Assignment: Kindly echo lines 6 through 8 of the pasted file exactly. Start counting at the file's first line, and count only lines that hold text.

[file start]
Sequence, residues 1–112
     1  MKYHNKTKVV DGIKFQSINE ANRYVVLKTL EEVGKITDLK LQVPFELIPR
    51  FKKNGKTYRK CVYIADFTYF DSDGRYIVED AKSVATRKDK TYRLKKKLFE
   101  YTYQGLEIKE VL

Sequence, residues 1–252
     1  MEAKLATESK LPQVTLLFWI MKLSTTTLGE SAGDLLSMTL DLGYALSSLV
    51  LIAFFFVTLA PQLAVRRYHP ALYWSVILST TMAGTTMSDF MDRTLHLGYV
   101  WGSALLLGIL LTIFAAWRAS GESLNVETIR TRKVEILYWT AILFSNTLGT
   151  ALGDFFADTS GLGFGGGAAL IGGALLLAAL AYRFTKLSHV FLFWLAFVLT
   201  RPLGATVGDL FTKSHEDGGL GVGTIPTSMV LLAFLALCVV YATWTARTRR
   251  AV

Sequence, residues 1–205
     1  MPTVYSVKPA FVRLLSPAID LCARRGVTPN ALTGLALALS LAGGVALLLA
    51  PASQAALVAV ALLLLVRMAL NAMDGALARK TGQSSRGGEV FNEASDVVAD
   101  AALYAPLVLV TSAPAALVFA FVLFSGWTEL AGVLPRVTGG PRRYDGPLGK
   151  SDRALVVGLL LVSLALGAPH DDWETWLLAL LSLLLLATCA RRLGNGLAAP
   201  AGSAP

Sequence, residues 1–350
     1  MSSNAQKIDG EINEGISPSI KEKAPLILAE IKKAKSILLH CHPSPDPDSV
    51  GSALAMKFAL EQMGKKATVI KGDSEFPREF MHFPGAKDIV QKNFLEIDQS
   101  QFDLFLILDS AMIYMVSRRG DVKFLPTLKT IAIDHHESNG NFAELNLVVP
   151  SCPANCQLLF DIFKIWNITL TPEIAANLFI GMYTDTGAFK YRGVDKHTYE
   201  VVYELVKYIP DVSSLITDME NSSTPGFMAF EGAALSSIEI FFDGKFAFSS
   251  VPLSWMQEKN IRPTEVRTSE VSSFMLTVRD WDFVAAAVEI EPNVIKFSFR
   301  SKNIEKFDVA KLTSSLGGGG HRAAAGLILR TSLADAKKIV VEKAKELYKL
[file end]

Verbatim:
     1  MEAKLATESK LPQVTLLFWI MKLSTTTLGE SAGDLLSMTL DLGYALSSLV
    51  LIAFFFVTLA PQLAVRRYHP ALYWSVILST TMAGTTMSDF MDRTLHLGYV
   101  WGSALLLGIL LTIFAAWRAS GESLNVETIR TRKVEILYWT AILFSNTLGT